Today, hundreds of people assembled in Salem for an almost unheard-of happening in Oregon's capital city: to do something creative, semi-spontaneous, and fun. We danced to "Singing in the Rain." Ironically, it was a nice day.
As a blogger, I have a duty to disclose the untold story of this event. You won't find this in the Statesman Journal, which is going to do the usual mainstream media thing -- reporting news in an unbiased, objective, big-picture fashion.
So if you want to see professionally taken photos of people taking part in "Singing in the Rain," which was wonderfully organized by ace S-J fashionista reporter K. Williams Brown and nicely choreographed by American Ballet Academy's Annie Joslin, head over to Mainstream Media Land (video of the dancing still to come.)
But if you want a personal, subjective, focused look at the event, this post is for you -- the person, subjectivity, and focus naturally being on ME. (Hey, this is a blog. What else would you expect?)
I practiced a lot for "Singing in the Rain." Not only did I watch the Joslin/Brown instructional video several times, I even wrote down the basic moves in a 1-8 sequence. Last Monday I went to the Clockworks Cafe for some training from Joslin, which was attended by a pleasingly diverse group of people.
However, it was disturbing to find myself learning the dance beside a five year old girl who clearly thought she was way superior to me just because (1) she was wearing sneakers with lights that lit up when her feet moved, and (2) knew the moves a lot better than I did.
Even so, we became close, bridging the 58 year gap between us, mostly through me bumping into her with distressing regularity as I screwed up my steps.
The rest of the week, I practiced for Saturday's "Singing in the Rain" event. Not so much the dance moves, but how I was going to maneuver myself into a good position for the video that K. Williams Brown told us about at the dance practice.
Anticipating that it could possibly go viral on You Tube, I spent quite a bit of time thinking about how to get myself noticed in the video without looking like a geezer jerk who squeezed into the front row of dancers even though he couldn't really do the moves all that well and lacked young-kid cuteness.
My plan: to wear something colorful; to place myself in the second row, or thereabouts; and to stand behind short dance-savvy children who, surely, would be in the front row.
The plan didn't exactly go awry.
But so far, based on the still photographic mainstream media recording of the event, it didn't go as well as I wanted.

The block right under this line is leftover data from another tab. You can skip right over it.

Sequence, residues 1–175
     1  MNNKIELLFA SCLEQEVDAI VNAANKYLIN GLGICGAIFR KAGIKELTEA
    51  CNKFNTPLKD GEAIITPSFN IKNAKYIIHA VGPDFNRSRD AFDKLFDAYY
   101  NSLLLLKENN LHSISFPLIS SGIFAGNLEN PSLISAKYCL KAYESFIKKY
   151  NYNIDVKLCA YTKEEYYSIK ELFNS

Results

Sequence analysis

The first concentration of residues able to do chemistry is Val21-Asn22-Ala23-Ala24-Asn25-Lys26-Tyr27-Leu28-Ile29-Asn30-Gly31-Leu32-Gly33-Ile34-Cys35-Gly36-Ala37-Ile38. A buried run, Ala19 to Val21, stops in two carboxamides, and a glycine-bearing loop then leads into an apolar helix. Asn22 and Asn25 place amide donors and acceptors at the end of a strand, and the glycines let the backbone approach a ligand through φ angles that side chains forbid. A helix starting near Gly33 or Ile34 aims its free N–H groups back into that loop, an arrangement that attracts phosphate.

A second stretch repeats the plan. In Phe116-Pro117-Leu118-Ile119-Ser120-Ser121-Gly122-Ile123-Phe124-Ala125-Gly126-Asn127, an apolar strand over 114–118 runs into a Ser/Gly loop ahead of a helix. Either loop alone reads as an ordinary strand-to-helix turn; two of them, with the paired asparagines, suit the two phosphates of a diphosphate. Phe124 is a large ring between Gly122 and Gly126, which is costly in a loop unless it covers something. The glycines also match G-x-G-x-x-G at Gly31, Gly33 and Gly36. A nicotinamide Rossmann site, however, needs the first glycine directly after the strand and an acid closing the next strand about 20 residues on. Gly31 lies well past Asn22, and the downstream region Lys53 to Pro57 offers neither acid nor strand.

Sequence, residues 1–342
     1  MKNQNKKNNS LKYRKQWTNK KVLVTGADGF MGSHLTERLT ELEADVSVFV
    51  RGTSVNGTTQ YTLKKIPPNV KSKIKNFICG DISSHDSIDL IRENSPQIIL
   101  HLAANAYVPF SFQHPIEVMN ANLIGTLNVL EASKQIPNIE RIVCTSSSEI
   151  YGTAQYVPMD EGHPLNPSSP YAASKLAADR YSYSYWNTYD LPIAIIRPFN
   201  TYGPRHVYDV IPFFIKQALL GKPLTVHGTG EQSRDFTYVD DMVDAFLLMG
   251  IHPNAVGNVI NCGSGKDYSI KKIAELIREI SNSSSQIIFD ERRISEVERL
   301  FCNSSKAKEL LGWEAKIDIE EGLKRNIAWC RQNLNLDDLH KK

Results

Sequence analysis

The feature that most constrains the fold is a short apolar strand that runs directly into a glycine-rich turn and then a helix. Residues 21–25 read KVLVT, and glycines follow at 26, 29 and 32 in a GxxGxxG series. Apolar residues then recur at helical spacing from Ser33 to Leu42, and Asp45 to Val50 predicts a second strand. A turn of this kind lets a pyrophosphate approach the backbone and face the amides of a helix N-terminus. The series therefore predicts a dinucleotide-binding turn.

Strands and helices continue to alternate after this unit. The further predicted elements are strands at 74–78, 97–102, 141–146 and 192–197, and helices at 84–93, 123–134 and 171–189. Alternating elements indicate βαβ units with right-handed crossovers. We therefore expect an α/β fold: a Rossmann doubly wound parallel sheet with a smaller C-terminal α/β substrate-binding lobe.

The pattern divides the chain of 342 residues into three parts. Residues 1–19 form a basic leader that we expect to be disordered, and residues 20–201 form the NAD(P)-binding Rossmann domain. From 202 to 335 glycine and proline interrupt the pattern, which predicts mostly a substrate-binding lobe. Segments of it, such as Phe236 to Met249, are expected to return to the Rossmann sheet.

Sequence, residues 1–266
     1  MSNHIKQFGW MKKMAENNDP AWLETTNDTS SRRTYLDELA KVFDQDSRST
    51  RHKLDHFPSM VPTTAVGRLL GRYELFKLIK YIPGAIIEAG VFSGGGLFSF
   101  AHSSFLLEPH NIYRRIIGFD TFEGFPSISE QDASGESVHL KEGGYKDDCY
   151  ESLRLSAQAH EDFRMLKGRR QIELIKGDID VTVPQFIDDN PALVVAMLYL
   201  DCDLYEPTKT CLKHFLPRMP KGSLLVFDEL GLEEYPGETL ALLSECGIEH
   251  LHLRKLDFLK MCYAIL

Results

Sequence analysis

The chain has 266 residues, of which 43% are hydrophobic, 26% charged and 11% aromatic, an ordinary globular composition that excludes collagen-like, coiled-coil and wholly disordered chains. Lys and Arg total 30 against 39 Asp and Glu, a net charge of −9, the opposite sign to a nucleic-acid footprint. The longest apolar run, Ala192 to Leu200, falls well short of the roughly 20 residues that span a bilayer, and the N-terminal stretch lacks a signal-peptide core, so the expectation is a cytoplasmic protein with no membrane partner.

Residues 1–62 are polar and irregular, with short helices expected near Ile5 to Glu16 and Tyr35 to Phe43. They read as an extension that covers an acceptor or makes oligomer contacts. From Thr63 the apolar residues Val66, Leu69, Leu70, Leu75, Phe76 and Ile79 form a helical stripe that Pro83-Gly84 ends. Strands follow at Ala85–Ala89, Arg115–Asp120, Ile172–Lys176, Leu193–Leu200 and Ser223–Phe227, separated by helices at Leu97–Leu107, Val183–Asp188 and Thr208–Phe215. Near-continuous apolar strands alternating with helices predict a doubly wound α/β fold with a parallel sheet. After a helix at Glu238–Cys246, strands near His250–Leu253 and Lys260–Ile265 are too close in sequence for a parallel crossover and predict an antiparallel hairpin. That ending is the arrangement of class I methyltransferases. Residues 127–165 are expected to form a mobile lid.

Here's what happened, courtesy of the Statesman Journal photography department, which I'm assuming allows its images to be shared under a Creative Commons license if I were to read the fine print on its web site, which, as a rogue independent blogger, naturally I'm not going to do.
My first mistake was standing way over on the left side of this photo. (I'm the tie-dyed sweatshirt gray-haired guy about three rows from the front.) I was perilously close to the sloping gutter of Chemeketa Street, which didn't help with my dance style. Camera angles also were going to be a problem.
Nonetheless, carefully cropping this photo results in a focus on...ME!
Looking good, dude. Right out of the '60s -- both the decade and the Social Security eligible age. Sadly, another S-J photo failed to capture a clear closer-up view of my "Singing in the Rain" hipness.
This is a great shot of my tie-dyed left arm (center right in the photo, just above the head of the cute pink-clad kid).
But my face is almost totally obscured, owing to two serious miscalculations on my part: I'd figured that the little kids in the front row would be by themselves, not accompanied by their mothers; and I assumed that photographs would be taken directly from the front, not the side.
So even though I'd carried out my plan and positioned myself behind short kids in the front row, a rather tall adult woman interposed herself between me and the camera angle. Curses! I still went ahead and cropped the photo for my self-centered satisfaction.
Looks like I'm patting Mom on her head. Though now that I look at the photo more closely, it seems that another bare armed person also was between me and photographic fame. So double-curses!
Maybe there's a quasi-Buddhist lesson here: my most distinct appearance in a Statesman Journal photograph came when I wasn't trying at all to stand out. After "Singing in the Rain" was over, and most people had left the area, break dancers who'd been featured in the event stayed and showed off their stuff on the stage.
There I am, tied-dyed me, watching them with more than a little wide-eyed amazement. Great dancing and athleticism.
Nice watching posture, Brian. Relaxed, calm, appreciative.
l'm looking forward to seeing the video of "Singing in the Rain." I was concentrating so much on doing the dance moves semi-correctly, I couldn't watch what was happening on the stage. If I'm visible in the video, great.
If not? Well, it should be obvious from this blog post that I don't look upon the world as being All About Me. Just largely.
[Late night update: Statesman Journal web site now has a video up of "Singing in the Rain," a.k.a We Love Salem. Whew! I'm brightly visible, more or less, on the left side from 14 seconds to 32 seconds, after which Debra Seeck and partner do their thing. My wife and I have taken dance lessons from Debra. Nice job, D.]
[Even later update: Checking to see whether the corporate masters of the Statesman Journal would permit the Singing in the Rain video to be on You Tube, rather than just on the S-J web site, I found a video of the Salem Cypher Breakdancing Group doing their thing after performing at the event. Best of all, the camera faces tie-dyed ME! After I walk up after the first few seconds. Have a look. These guys are great.]